Brad Paisley has the world at his fingertips, thanks to his successful country music career, and his good fortune has often inspired him to try to help others in need.
Sadly, it’s that kind spirit that opened him up to a cyber hoax.
Brad and his wife, actress Kimberly Williams-Paisley, revealed to Nightline that they became the victims hoax after first receiving an email from a woman purporting to be a mother raising a child with fatal neuroblastoma, a type of pediatric cancer that affects the nerve tissue.
"She said that her daughter had begged her to get in touch with me," said Kimberly, who added that the mother conceded she’d forgotten about her daughter’s request for a period of time, because of the day-to-day stress of dealing with her child’s disease.
"So it sounded very sort of real," said the actress. "But she wasn't dying to get a hold of me. You know, that was kind of the beginning of the manipulation"
Soon, Brad and Kimberly were speaking to the family on the phone, exchanging emails and photos, and recording songs for the girl her mother called Claire.
"You're singing to someone's dying kid," Brad explained. "And in the middle of it, there's no way that's not real. How can that not be real?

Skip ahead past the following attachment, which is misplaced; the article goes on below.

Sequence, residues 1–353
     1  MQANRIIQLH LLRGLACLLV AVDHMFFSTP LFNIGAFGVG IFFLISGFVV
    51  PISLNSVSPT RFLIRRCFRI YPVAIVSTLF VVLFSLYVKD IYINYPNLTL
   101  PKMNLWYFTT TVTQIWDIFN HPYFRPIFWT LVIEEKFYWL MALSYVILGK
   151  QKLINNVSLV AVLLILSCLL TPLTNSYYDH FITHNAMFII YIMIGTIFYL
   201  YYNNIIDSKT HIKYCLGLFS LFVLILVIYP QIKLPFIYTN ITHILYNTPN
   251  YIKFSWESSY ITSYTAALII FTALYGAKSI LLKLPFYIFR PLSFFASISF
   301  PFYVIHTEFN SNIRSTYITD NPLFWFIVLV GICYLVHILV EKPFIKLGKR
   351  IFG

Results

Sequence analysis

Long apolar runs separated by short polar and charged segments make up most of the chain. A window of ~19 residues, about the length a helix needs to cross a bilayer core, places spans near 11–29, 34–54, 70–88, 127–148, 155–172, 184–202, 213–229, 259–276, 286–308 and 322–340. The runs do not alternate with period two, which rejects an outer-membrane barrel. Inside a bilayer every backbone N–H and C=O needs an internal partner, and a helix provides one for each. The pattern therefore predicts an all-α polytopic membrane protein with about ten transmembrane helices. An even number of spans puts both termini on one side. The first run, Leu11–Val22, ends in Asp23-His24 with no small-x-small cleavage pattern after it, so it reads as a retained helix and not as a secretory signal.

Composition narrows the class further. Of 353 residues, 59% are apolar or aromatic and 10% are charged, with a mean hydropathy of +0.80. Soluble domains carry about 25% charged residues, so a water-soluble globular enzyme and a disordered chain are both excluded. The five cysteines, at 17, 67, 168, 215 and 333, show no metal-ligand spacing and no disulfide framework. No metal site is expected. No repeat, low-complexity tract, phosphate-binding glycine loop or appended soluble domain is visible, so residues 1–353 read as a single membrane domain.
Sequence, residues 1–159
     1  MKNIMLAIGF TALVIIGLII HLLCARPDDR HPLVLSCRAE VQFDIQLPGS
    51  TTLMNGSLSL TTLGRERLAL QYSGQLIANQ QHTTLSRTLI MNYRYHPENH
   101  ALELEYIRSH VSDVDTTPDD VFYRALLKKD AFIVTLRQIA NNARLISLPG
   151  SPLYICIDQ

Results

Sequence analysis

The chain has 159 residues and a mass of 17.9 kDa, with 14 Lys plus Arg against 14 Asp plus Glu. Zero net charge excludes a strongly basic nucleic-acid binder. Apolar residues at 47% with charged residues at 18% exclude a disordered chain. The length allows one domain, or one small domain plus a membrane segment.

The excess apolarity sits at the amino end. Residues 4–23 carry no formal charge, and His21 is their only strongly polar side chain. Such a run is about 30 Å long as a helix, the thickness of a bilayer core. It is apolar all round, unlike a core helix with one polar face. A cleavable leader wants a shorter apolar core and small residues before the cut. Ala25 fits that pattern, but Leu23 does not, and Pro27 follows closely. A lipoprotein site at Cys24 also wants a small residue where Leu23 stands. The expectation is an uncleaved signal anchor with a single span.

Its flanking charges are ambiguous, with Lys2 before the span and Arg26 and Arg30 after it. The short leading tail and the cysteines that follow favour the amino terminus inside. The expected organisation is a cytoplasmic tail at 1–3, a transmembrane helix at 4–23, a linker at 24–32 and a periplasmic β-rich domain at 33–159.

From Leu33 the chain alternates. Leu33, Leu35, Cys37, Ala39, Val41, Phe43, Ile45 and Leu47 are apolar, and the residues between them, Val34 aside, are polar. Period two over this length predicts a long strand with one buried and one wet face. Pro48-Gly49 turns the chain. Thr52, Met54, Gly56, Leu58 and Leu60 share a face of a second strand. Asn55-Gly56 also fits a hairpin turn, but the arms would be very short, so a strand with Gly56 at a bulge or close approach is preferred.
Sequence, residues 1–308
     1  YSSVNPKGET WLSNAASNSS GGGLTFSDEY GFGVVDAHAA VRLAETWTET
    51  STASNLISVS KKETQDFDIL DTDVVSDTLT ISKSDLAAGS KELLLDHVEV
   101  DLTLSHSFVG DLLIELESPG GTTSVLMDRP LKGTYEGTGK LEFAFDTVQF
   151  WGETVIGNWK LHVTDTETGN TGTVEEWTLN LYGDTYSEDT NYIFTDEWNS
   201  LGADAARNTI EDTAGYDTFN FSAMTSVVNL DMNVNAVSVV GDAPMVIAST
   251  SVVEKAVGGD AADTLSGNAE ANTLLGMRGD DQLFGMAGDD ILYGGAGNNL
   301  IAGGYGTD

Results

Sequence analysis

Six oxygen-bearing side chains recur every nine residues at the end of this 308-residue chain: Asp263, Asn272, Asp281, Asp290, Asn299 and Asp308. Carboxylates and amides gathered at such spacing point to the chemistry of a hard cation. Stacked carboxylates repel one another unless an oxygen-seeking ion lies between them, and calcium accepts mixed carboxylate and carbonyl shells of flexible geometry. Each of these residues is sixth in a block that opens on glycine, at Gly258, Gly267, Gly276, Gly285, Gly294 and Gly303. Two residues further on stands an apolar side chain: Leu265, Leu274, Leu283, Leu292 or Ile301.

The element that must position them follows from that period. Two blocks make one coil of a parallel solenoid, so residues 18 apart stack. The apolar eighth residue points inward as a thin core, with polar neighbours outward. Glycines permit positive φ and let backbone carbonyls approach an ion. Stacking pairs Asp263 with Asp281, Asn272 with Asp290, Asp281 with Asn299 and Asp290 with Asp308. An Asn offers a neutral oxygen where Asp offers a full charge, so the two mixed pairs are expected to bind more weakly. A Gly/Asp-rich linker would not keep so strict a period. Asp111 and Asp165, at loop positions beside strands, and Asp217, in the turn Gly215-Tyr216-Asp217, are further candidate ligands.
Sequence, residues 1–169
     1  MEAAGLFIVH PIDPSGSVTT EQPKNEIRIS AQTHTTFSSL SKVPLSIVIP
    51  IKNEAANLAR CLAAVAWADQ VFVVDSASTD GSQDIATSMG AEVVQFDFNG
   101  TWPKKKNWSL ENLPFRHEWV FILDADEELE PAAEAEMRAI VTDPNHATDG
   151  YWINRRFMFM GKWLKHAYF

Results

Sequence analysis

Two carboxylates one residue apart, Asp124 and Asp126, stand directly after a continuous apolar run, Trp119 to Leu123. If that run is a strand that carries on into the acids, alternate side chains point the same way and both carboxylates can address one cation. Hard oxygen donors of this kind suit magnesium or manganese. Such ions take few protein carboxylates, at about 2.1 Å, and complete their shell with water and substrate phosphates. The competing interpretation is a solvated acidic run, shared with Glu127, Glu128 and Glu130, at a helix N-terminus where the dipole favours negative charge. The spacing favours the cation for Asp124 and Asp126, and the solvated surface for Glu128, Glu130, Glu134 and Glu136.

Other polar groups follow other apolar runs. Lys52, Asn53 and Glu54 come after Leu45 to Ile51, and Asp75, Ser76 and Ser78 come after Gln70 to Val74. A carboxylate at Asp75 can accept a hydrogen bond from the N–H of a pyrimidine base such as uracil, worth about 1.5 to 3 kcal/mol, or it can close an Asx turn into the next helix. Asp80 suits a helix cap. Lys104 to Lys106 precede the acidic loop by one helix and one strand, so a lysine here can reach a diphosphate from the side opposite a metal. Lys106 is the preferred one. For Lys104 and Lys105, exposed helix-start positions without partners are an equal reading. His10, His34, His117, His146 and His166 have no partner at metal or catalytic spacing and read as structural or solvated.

However, when the mother announced that her daughter had died, Kimberly attempted to send flowers, which is when things took a turn for the strange.
The mother declined Kimberly’s offer, responding, "I don't need you to pray for me. Doesn't seem like god hears much of anything these days."
"I had a physical reaction," said Kimberly. "Every red flag went up that I couldn't ask a simple question."
It turns out her instincts were right — the woman was scamming not only the Paisleys, but Dallas Cowboys cheerleaders, members of Little Big Town, Kate Gosselin, Natalie Grant, Carmen Hope Thomas, and others, all while using photos of a real neuroblastoma patient she’d found online.
"That's the sickest part about this to me," said Brad. "That is the part that when I start to talk about that, that's when I get really mad. That there were real kids, that there were real photos involved."
Source: ABC News